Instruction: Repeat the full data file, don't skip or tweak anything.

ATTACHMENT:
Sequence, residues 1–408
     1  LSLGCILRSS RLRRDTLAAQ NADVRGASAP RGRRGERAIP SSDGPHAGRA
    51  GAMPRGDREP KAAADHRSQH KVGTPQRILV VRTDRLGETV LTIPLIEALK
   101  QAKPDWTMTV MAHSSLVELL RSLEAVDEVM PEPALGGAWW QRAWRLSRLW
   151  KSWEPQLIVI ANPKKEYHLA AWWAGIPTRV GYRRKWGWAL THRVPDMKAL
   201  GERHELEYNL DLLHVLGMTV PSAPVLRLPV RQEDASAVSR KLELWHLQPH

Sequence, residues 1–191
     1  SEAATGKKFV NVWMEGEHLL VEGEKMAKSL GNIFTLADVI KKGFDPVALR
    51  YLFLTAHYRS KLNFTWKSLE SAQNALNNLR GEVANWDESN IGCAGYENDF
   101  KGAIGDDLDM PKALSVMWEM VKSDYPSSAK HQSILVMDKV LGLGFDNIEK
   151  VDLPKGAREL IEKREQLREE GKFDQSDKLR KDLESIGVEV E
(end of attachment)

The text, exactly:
Sequence, residues 1–408
     1  LSLGCILRSS RLRRDTLAAQ NADVRGASAP RGRRGERAIP SSDGPHAGRA
    51  GAMPRGDREP KAAADHRSQH KVGTPQRILV VRTDRLGETV LTIPLIEALK
   101  QAKPDWTMTV MAHSSLVELL RSLEAVDEVM PEPALGGAWW QRAWRLSRLW
   151  KSWEPQLIVI ANPKKEYHLA AWWAGIPTRV GYRRKWGWAL THRVPDMKAL
   201  GERHELEYNL DLLHVLGMTV PSAPVLRLPV RQEDASAVSR KLELWHLQPH

Sequence, residues 1–191
     1  SEAATGKKFV NVWMEGEHLL VEGEKMAKSL GNIFTLADVI KKGFDPVALR
    51  YLFLTAHYRS KLNFTWKSLE SAQNALNNLR GEVANWDESN IGCAGYENDF
   101  KGAIGDDLDM PKALSVMWEM VKSDYPSSAK HQSILVMDKV LGLGFDNIEK
   151  VDLPKGAREL IEKREQLREE GKFDQSDKLR KDLESIGVEV E